Geo Week News

January 20, 2015

HP Perfects 3D Printing?

Image 1 - HP Intro

We’ve been hearing a lot in the past year or so such as drones, augmented reality, 3D printing, etc.  Many of these new technologies promise to change our future significantly. One such technology was recently unveiled by Hewlett-Packard: their innovative Multi Jet Fusion 3D printing technology. It can produce objects up to 10 times faster and is much less costly than existing 3D printers.

The HP Multi Jet Fusion will set the stage for a “new era of manufacturing,” claims the company. Many believe it is going to rewrite the rules of 3D printing. To-date, 3D printing has often been slow and the unit cost of printed products correspondingly expensive.

HP’s emphasis is on extreme detail and quality. To achieve new levels of part quality, HP Thermal Inkjet arrays—capable of utilizing multiple liquid agents—provide new levels of accuracy with uniform part strength in all three axis directions. It promises to deliver 3D models with higher precision and greater strength than existing systems (such as selective laser sintering (SLS) and fused deposition modeling).

HP said the printer uses the firm’s Thermal Inkjet system to build up models over an entire surface (instead of one point at a time) and using fewer stages than existing systems, which significantly speeds up the imaging process.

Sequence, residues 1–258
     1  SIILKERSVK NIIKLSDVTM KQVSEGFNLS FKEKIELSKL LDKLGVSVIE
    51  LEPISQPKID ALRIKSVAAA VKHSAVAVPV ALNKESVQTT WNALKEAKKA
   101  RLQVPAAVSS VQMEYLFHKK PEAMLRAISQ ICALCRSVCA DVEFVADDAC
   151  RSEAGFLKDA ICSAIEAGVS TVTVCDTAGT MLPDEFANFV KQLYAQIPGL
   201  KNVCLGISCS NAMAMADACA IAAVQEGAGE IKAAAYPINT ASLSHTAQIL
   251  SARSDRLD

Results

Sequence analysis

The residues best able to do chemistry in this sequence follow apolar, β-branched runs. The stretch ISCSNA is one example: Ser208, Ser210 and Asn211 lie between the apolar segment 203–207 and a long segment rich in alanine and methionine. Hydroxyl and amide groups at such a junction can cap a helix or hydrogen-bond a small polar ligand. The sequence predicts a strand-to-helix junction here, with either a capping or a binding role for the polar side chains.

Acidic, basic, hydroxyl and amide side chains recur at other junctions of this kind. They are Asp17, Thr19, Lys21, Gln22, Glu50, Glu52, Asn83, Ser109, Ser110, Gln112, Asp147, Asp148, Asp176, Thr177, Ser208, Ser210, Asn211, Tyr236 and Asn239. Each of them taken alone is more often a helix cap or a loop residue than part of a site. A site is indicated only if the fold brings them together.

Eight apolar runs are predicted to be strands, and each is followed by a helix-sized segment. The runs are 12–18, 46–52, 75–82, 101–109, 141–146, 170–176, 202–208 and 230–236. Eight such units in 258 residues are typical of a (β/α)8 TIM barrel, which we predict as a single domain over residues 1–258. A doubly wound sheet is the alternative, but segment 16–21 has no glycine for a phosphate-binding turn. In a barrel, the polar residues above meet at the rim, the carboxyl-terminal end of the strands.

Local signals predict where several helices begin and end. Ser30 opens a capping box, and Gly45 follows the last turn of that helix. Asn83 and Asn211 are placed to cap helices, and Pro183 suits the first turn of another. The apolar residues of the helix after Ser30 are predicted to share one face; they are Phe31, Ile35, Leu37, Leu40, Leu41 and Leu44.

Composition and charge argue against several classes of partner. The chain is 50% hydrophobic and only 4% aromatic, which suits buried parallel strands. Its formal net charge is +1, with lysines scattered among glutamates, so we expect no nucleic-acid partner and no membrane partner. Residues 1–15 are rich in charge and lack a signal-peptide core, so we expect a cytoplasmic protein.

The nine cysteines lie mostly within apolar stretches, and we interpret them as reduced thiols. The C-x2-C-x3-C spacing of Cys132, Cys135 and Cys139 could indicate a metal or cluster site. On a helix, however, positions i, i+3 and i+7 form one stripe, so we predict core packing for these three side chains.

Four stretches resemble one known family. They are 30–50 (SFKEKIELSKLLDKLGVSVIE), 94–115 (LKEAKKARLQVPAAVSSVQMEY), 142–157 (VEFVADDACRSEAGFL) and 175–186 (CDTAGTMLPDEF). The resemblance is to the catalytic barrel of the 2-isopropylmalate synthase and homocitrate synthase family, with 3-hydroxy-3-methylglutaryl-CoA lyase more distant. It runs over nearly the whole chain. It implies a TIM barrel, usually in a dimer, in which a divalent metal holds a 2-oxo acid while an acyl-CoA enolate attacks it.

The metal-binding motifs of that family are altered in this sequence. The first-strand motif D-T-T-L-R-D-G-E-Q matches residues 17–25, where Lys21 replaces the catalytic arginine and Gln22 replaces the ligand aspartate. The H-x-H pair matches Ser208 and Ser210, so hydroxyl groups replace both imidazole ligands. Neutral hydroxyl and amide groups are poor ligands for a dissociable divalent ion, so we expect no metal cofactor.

printed part

The “multi-chemistry” process includes a fusing agent that is selectively applied where particles are required to fuse together, and a detailing agent that is applied to alter the fusing action. For example, applying the detailing agent at a boundary can produce parts with sharp or smooth edges. The technology is designed to produce output that is both beautiful and mechanically useful, with the ability to manipulate part and material properties, including form, friction, texture, strength, elasticity, electrical and thermal properties.

HP claims Multi Jet Fusion can reduce the overall energy requirements needed to achieve full fusing and reduce the system requirements for large, vacuum-sealed ovens. It also uses less heating power than SLS systems to improve material properties and reuse rates, minimizing waste, said HP.

HP says they want this solution to be available to everyone from large corporations to a single individual at an accessible price point. Early customers should have access to initial Multi Jet Fusion systems next year, with full availability expected in 2016.

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